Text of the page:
Ms. Fisher says psychologists went through the debate in the early 1990s, pressed by new laws requiring them to report child abuse to the authorities.

She questions lawyers' claim that the change will frighten away clients. "With the reporting laws that required psychologists to release information regarding child abuse," says Fisher, "there is no evidence that it was a barrier to people seeking help. It really forced our field to question whether respect for a person's autonomy and privacy outweigh potential harm to others."

The issue has spilled over into the spiritual realm as well, where recent high-profile cases have kindled debate on the limits of confidentiality. In New York, a priest recently told authorities he heard a teenager admit to a murder in 1987 for which two others were convicted. He felt comfortable approaching authorities now because the alleged murderer had died. In addition, the admission came in a conversation rather than a confession.

The New York case and a number of child-abuse cases involving clergy have sparked passionate discussion in lay circles - and it is there that change is being considered. For priests, compromising on confidentiality is not a subjective matter: They are sworn to protect the sanctity of confessions. For the most part, that sanctity is protected by US law, although that protection is no longer automatic, as the growing number of states requiring clergy to report child abuse shows.

Why now?

Observers cite the convergence of a number of societal trends to explain why debate over an ethos that has lasted for centuries is now coming to a head. Some suggest the pedestals on which professionals have stood have grown wobbly, making the public more willing to pass judgment on the decisions of doctors and lawyers.

Others make the case that confidentiality is an obligation born largely of a personal relationship, and that the de-personalization of medicine and the law - with managed healthcare plans and legal specialization replacing the family doctor and lawyer - has eroded discretion.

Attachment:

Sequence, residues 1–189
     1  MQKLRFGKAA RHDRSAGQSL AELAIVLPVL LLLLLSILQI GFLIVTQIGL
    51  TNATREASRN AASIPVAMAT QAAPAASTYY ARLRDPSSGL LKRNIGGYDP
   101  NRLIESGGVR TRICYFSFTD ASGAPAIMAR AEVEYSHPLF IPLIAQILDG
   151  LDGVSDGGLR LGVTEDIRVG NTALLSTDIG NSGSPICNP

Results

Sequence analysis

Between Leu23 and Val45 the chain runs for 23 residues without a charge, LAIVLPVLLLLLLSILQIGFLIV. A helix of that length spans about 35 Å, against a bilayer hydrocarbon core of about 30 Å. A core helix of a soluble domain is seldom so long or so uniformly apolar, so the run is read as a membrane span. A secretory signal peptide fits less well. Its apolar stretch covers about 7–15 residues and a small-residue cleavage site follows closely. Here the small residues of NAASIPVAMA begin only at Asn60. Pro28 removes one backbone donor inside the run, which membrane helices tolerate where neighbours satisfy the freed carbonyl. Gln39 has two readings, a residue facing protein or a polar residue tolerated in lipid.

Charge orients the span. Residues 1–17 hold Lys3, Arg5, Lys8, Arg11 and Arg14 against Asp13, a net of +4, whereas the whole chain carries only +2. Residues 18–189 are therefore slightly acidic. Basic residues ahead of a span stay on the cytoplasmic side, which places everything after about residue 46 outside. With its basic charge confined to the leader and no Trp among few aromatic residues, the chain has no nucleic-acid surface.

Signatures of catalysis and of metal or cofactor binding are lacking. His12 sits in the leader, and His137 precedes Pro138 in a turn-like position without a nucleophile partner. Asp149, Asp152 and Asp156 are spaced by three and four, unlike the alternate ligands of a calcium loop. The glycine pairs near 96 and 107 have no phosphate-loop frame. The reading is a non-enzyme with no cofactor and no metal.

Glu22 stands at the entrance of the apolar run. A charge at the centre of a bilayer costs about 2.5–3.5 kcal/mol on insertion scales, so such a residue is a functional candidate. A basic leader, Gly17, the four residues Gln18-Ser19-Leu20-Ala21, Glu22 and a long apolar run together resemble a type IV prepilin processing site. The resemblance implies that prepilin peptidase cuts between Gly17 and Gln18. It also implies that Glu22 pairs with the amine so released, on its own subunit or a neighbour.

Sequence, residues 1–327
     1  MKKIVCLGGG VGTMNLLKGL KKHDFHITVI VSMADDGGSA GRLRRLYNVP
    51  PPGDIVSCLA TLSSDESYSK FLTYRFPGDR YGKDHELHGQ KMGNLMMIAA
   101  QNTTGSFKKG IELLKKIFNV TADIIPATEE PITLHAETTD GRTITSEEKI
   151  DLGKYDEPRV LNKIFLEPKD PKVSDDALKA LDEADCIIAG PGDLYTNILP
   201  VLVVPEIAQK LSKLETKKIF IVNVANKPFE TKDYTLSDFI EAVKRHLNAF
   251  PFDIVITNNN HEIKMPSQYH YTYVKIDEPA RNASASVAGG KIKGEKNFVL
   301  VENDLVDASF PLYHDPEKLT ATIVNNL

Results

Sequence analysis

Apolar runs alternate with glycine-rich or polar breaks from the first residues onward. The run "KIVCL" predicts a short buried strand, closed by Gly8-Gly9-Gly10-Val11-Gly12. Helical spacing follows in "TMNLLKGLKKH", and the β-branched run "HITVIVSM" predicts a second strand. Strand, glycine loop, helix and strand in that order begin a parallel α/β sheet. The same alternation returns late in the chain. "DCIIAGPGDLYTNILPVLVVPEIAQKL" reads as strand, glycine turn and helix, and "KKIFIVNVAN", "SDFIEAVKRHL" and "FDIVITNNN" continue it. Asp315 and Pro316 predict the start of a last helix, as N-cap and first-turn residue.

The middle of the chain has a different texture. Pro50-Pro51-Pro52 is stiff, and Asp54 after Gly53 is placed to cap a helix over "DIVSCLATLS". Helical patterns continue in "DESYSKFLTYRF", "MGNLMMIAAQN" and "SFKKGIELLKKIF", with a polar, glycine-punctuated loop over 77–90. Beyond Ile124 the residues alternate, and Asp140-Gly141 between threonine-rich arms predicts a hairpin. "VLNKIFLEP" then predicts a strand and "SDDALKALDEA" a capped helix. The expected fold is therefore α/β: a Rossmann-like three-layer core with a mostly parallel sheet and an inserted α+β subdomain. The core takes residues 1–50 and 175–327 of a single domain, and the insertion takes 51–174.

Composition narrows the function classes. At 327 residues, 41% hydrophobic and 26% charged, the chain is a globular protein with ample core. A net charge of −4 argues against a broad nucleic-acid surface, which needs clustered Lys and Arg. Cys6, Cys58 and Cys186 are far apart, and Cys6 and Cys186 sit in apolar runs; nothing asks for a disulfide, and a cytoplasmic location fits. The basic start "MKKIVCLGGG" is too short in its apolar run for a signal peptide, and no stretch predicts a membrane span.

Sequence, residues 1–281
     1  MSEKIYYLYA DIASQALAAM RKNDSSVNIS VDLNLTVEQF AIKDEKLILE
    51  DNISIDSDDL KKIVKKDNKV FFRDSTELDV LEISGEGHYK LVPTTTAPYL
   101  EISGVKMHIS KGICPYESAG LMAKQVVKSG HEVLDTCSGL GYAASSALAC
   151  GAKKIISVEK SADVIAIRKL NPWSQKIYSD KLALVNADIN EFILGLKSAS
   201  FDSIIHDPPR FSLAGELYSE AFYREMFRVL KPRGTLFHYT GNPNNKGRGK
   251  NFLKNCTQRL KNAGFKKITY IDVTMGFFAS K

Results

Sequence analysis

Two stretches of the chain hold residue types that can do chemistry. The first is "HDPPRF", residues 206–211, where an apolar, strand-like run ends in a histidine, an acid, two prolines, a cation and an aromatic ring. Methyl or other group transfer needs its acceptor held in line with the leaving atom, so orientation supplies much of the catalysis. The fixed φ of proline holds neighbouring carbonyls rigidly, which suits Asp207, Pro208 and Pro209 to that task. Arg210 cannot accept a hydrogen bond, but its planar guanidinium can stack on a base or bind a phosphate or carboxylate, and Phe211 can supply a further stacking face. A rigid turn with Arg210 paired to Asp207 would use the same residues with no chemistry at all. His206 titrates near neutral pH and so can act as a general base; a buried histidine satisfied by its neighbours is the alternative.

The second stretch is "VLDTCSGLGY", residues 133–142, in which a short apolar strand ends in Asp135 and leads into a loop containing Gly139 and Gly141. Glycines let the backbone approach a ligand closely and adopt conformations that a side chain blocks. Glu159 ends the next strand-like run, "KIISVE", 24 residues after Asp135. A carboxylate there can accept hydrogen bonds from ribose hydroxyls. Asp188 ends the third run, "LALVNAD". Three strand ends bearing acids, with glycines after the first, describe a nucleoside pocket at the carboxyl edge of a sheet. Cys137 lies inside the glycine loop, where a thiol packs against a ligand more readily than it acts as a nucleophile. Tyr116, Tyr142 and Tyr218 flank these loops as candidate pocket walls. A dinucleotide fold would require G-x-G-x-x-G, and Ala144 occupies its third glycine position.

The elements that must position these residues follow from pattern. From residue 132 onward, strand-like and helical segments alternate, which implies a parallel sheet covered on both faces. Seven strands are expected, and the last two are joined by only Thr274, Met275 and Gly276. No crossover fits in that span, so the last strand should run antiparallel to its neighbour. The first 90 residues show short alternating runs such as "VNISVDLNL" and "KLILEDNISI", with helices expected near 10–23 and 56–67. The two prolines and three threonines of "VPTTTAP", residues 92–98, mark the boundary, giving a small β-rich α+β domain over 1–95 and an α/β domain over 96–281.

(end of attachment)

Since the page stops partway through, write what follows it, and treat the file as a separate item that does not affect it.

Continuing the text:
In the past 20 years, it's become less clear "that there's a relationship with a client that is the moral heart of the practice," says Vivian Weil, director of the Center for Study of Ethics in the Professions at Illinois Institute of Technology in Chicago.

Some observers suggest that, in an age when dozens of health professionals may have access to a patient's medical records, there is a subconscious deterioration in the expectation of confidentiality. The current Big Brother generation (the TV show, not the book) may harbor a sense that there are no secrets anymore. In today's tell-all, Oprah society, younger people are used to openness and almost expect a lack of privacy.

"With the medical students I teach, it's not like they grew up knowing you have to keep information about patients confidential," says Arthur Derse, director for Medical and Legal Affairs at the Center for the Study of Bioethics at the Medical College of Wisconsin. "People want to talk about this stuff at parties.... It's actually a bit of a task to really inculcate into physicians-to-be that certain things need to be kept confidential."